Monday, July 27, 2015

Stop. Just Stop.

To sit with a dog on a hillside on a glorious afternoon is to be back in Eden, where doing nothing was not boring - it was peace.  ~Milan Kundera

We all love to play with train our dogs.  It is our relaxation. Our fun. 
Competing is fun. We visit with friends, cheer their successes, console them if needed. We eat junk food (ohh maybe that's just me) and laugh with friends. What do our dogs do? They, largely, nap in crates. They get out they get warmed up, they get pottied, they compete. They then often either get huge treats and praise or thrown back in their crate dependent on performance to the judging standard. (Not to the training demonstrated, far too often to my mind).

The bigger and better (and richer?) you are, the more likely you are to travel long distances to compete. Then you travel long distances to repeat it. Then again. It's intense. You are at the top. You gotta go go go right?  Prevent performance erosion. If you aren't showing you are traveling or training. But ...

Travel days are not days off for your animal partner. They just aren't. Travel is stressful for everybody. 

Days off look a little different for each depending on the animal involved around here.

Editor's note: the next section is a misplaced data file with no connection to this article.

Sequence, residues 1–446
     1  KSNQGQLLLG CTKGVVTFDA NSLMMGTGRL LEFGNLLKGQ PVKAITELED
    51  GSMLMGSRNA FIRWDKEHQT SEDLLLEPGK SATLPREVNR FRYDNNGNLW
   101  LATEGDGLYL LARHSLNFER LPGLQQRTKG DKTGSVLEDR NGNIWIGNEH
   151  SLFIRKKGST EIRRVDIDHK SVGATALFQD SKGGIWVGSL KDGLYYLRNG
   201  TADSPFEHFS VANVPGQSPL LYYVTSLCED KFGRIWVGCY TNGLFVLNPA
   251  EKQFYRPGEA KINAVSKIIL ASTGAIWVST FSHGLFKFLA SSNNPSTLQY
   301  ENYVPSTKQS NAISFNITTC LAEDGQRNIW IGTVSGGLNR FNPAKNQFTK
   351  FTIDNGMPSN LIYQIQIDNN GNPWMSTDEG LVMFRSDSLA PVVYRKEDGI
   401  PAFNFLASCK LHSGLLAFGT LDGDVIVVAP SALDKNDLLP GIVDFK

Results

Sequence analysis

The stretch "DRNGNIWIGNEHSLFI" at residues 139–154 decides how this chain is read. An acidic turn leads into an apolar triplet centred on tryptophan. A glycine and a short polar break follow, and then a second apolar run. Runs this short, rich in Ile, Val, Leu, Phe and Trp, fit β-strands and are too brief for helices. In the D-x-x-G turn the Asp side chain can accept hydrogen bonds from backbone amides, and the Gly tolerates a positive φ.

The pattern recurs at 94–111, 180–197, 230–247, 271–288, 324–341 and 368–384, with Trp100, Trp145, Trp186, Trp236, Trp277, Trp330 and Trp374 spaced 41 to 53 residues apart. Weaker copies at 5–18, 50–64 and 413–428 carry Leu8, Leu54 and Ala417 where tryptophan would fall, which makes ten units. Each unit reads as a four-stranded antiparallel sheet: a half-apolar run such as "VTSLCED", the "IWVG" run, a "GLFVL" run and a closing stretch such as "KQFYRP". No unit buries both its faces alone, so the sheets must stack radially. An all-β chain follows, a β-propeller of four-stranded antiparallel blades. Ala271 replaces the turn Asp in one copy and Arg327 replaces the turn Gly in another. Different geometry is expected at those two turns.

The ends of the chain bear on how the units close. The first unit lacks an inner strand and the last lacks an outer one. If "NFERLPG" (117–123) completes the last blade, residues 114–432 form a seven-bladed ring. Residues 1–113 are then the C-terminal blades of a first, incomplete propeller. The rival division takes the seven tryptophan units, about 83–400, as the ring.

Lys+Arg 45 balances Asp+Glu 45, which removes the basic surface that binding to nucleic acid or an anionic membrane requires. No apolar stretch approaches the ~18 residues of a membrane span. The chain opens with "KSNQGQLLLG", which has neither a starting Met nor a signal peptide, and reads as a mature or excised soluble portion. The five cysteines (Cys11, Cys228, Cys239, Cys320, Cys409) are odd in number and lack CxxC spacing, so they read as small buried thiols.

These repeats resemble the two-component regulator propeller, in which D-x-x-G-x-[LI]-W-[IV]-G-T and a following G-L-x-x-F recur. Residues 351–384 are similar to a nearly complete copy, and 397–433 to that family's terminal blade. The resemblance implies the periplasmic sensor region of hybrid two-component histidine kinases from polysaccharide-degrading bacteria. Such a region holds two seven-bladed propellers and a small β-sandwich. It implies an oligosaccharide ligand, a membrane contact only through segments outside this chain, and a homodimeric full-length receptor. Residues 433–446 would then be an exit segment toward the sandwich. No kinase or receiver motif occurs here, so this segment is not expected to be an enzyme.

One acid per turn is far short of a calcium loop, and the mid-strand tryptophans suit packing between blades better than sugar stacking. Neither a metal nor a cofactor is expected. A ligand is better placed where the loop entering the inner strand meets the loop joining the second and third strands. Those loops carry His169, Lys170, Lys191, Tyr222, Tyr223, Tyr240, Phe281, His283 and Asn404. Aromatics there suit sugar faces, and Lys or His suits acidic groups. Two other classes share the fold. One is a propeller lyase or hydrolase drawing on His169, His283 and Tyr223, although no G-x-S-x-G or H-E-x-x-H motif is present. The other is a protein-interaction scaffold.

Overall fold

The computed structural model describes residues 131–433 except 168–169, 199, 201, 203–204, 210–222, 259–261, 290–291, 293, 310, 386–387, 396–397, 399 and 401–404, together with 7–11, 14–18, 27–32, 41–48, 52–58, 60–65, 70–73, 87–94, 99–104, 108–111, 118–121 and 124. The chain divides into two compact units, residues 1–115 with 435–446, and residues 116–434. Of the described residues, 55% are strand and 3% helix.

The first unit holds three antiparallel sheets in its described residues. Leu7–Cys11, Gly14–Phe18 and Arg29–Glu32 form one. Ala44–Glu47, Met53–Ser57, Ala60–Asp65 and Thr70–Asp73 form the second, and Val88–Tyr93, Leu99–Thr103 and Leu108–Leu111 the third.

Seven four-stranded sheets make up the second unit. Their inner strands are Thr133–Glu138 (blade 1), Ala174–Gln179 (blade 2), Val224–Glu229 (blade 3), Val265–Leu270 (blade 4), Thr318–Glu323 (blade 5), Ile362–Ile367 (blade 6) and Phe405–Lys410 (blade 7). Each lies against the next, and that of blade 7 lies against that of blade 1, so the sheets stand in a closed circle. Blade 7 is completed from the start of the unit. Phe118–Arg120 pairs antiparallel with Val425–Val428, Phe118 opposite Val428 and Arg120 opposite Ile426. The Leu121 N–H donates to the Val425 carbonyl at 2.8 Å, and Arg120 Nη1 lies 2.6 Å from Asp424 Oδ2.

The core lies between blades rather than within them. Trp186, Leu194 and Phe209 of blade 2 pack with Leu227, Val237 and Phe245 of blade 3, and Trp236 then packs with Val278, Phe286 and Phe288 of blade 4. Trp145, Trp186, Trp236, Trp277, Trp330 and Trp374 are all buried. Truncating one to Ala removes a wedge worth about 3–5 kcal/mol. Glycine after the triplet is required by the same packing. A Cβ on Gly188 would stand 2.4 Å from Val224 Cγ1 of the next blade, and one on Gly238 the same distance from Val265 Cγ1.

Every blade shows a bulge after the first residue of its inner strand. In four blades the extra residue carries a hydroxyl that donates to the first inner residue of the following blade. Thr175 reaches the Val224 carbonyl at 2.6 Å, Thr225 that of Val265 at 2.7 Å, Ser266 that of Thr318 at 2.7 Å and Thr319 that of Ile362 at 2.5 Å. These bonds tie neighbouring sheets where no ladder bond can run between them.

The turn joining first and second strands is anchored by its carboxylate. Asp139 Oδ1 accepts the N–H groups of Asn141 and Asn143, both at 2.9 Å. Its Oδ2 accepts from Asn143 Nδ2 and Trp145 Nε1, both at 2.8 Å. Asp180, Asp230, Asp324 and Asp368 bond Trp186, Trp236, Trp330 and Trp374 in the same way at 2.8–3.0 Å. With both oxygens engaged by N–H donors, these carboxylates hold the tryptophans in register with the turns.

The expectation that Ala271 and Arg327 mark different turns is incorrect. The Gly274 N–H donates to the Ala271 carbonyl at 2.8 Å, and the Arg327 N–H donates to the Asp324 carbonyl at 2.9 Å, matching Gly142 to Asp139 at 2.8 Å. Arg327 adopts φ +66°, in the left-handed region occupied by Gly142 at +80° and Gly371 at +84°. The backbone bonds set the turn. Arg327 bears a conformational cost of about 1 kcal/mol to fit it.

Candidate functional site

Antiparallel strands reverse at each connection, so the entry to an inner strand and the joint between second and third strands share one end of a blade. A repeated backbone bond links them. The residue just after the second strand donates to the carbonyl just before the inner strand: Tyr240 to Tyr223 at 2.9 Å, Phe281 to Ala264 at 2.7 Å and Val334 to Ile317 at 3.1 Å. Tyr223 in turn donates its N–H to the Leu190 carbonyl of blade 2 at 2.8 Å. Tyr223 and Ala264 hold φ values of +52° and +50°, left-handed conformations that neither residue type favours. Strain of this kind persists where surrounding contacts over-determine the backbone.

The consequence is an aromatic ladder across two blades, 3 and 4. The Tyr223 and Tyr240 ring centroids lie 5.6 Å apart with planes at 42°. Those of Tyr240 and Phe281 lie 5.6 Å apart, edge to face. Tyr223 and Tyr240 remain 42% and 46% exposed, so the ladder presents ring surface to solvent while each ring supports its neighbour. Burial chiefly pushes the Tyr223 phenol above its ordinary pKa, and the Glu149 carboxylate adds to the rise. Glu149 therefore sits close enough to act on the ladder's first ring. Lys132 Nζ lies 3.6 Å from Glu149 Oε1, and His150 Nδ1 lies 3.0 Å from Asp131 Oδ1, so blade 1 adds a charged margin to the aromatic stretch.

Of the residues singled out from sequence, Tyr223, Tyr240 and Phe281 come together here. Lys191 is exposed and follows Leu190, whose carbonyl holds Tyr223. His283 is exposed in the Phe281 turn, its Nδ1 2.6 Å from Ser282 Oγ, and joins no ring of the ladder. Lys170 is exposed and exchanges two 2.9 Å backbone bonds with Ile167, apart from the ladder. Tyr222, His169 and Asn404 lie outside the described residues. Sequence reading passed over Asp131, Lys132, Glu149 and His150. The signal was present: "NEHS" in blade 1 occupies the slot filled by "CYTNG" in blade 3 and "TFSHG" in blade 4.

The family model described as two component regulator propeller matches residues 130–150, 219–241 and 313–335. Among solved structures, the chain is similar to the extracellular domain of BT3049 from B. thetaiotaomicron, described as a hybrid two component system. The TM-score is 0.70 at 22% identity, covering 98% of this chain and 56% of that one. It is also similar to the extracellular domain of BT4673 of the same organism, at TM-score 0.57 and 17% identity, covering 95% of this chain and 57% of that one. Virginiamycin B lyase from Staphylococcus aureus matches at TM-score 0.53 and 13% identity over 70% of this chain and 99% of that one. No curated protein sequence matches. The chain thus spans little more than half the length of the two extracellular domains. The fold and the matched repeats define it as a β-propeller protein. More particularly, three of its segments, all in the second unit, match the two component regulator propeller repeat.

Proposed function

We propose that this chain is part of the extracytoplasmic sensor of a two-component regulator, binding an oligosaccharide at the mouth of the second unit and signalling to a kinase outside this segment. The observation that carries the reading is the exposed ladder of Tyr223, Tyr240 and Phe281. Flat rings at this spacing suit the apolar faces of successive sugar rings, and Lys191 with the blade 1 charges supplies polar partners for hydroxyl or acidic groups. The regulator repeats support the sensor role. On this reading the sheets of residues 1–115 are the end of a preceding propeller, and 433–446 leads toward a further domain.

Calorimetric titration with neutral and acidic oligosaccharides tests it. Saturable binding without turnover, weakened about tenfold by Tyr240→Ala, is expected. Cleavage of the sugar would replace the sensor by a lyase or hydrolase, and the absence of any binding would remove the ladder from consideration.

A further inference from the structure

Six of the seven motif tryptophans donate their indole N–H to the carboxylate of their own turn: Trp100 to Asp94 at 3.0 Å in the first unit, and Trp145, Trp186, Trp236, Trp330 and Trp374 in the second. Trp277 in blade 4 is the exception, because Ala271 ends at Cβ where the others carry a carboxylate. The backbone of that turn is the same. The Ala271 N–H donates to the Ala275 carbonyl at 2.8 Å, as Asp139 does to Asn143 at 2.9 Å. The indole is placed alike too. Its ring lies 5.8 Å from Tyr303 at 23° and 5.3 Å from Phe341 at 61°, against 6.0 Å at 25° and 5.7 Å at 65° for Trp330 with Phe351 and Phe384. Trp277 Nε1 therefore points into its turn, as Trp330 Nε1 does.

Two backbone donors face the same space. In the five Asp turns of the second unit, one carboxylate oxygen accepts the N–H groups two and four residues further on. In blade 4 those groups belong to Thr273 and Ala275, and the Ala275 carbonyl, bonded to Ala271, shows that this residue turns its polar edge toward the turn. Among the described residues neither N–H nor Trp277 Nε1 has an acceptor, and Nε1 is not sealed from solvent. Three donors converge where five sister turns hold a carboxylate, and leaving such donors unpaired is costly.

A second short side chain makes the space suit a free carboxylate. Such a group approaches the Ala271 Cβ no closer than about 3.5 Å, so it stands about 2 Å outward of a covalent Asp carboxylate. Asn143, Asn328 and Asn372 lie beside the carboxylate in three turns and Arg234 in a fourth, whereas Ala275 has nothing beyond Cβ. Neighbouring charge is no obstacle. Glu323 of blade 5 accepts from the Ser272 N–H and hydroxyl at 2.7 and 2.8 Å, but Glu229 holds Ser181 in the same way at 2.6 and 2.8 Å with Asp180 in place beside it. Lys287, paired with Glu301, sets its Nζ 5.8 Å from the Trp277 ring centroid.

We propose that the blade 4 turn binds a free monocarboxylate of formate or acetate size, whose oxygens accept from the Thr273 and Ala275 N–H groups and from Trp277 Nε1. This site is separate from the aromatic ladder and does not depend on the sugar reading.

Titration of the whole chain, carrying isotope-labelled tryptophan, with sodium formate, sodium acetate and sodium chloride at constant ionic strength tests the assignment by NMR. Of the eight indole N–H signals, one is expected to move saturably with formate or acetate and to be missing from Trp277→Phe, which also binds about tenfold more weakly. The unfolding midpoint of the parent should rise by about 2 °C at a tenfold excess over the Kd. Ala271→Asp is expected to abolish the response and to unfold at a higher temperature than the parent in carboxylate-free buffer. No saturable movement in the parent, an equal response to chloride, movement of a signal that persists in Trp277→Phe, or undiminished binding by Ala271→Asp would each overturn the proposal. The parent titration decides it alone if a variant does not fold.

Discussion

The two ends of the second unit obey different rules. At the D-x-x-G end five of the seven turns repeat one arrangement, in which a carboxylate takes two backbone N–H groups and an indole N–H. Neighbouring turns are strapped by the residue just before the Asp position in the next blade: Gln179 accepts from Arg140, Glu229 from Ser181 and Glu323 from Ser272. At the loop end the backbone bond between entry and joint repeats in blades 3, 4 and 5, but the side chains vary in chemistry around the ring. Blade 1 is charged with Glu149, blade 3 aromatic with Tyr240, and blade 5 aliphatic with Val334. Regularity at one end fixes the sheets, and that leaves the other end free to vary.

Sally's days off involve her telling me what to do. 

Sampson's involve the pond. Or mud. Or, ideally, both. 

Some dogs will want to snooze the day away. Others will want to be active. They are invited to hang out while we work or come for a walk but they aren't made to come on a day off. 

Formal cross training days, no matter how much I love them, and I do, is not a day off.  If being groomed is stressful it's not a day off either. 

A day off is doing something (or nothing) unrelated to training goals and plans and just being. We are so very very fortunate here - our dogs can be quasi feral for a day or two or three and just be. Creating that in urban centers where leashes are needed and people are scheduled strictly is much harder. 

I truly do believe that breaks in working reinforce training, freshness and the desire to play our games. When was the last time you scheduled your dog(s) a break? When my animal partners are training and showing hard I schedule pretty lengthy vacations for them. Fitness work may happen depending on the animal but that's it. Three to six weeks of holiday. Twice a year if schedule is intense. A true day off or two even in the middle of the season. 

It's just the way we roll around here. 

We all come back refreshed. 
It's important. 

Terri Guillemets asked "Is everything as urgent as your stress would imply?" Take some time. Explore the options. 

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